When we started our L&D Twitter research by the end of 2016, we soon realised that simply counting tweets over a certain period would not be enough. To gain insight into the L&D sentiment, we decided to monitor Twitter on a monthly basis (and publish results quarterly).
We’re all human, and sometimes it’s impossible to avoid the hype. With the imminent arrival of the 10th iPhone we see the Twittersphere increasingly pumped up with prospects of AR to the consumer world. Does it affect our sentiment when assessing the technology for workplace learning?
Contrary to many expectations, the growth of both VR/AR and AI ended almost at the exact same time. While previous reports suggested that the AI curve will follow VR and eventually take its throne, we can now assume that the movement of both curves is more or less synced. While VR/AR virtually exploded 6 months ago, deep learning and other notable AI advances haven’t caught the L&D imagination in the same way.
It seems clear that both VR/AR and AI are legit trends, which will remain a point of L&D debate in the foreseeable future. More importantly, there are no new technologies on the horizon that could successfully replace the current leaders.
Lack of new promising technologies could also mean that the next big thing in L&D will not be about tech. Google recently surprised many with its revelation that a lot of its core focus in management tools is on very basic stuff: how to run meetings, have conversations and set goals (source).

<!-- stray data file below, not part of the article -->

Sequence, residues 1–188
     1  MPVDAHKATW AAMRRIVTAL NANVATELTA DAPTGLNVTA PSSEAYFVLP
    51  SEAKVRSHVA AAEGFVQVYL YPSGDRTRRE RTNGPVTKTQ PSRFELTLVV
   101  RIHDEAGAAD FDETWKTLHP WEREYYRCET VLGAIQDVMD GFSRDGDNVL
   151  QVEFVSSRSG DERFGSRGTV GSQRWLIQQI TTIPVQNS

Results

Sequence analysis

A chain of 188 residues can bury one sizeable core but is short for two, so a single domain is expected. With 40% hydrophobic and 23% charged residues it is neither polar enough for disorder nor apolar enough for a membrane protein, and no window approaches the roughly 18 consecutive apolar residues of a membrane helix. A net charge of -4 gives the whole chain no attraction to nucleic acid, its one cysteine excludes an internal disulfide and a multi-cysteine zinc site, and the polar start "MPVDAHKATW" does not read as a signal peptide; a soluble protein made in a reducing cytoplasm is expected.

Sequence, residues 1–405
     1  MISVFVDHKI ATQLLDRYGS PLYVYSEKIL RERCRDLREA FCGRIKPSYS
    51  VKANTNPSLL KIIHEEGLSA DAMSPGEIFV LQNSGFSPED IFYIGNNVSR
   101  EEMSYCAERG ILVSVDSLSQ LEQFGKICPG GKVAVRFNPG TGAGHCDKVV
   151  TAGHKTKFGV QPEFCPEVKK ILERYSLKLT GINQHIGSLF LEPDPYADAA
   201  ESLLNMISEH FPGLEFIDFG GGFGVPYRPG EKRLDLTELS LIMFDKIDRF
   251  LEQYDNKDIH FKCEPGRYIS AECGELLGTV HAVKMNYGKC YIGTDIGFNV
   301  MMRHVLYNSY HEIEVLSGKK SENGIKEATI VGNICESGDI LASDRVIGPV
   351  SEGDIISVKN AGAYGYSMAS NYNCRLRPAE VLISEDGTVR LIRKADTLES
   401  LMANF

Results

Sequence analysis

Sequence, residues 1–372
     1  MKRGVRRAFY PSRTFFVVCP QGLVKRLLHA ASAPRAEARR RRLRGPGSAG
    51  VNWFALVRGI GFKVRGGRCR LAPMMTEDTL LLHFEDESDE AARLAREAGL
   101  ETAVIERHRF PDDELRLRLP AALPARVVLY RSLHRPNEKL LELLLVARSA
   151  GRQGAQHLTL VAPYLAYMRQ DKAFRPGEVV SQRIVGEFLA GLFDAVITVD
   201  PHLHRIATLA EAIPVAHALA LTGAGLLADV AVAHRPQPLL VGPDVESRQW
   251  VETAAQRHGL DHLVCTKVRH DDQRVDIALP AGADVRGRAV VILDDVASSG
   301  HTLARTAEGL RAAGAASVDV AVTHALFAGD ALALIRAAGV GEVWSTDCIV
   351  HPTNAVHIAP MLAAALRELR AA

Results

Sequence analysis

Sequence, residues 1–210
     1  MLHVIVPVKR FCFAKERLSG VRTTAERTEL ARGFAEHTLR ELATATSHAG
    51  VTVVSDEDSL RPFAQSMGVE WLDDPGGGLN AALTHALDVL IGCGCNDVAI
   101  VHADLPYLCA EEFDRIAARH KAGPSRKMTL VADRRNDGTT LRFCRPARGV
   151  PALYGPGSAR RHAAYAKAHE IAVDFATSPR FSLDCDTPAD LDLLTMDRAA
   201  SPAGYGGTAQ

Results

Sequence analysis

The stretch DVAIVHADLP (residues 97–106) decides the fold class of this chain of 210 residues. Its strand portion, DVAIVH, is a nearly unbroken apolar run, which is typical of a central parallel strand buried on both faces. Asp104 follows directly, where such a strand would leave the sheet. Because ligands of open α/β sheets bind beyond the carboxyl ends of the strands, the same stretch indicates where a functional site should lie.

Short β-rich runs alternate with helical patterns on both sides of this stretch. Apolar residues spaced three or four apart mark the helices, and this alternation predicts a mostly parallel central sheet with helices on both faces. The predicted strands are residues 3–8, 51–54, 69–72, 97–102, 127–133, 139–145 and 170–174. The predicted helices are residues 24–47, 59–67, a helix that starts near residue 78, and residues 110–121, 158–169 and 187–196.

Focusing on what is out there, we see a clear case from splitting VR and AR. Both hold a firm grasp on our imagination, and practical advancements are starting to emerge on both ends. While VR is clearly ahead, thanks to opportunities in gaming and entertainment, AR is starting to see some practical implementations too.
Google Glass, a project believed to be deceased, popped up with some promising implementations in the logistics and warehousing sectors.
AI is following their lead (which also matches its position on the latest Gartner’s hype cycle). When significant practical applications emerge in workplace L&D, there might be a case to split AI into different areas as well (machine learning, deep learning, neural networks, etc.).
But for now, it would be good if we started looking into virtual reality and augmented reality as two distinct disciplines. VR will likely remain number 1 in Q3, but AR shouldn’t be far behind.
|Virtual / Augmented reality||25.76%|
|Collaborative / Social learning||8.05%|
|Games / Gamification||6.96%|
|Synchronous delivery / Webinars||6.18%|
|Neuroscience / Cognitive science||4.49%|
|Personalization, adaprive delivery||2.86%|
|Consulting more deeply with the business||2.21%|
|Personal knowledge mastery||0.14%|
For the purpose of our survey we analysed tweets by the following influential Twitter profiles:
In total we analysed 24,301 Twitter unique profiles (as some may be following two or more influencers). Total tweets analysed: around 2,8M.
For our methodology and the full 2016 report please visit L&D trends on Twitter in 2016.
The results for Q3 are coming in October 2017. Stay tuned for quarterly updates of this research: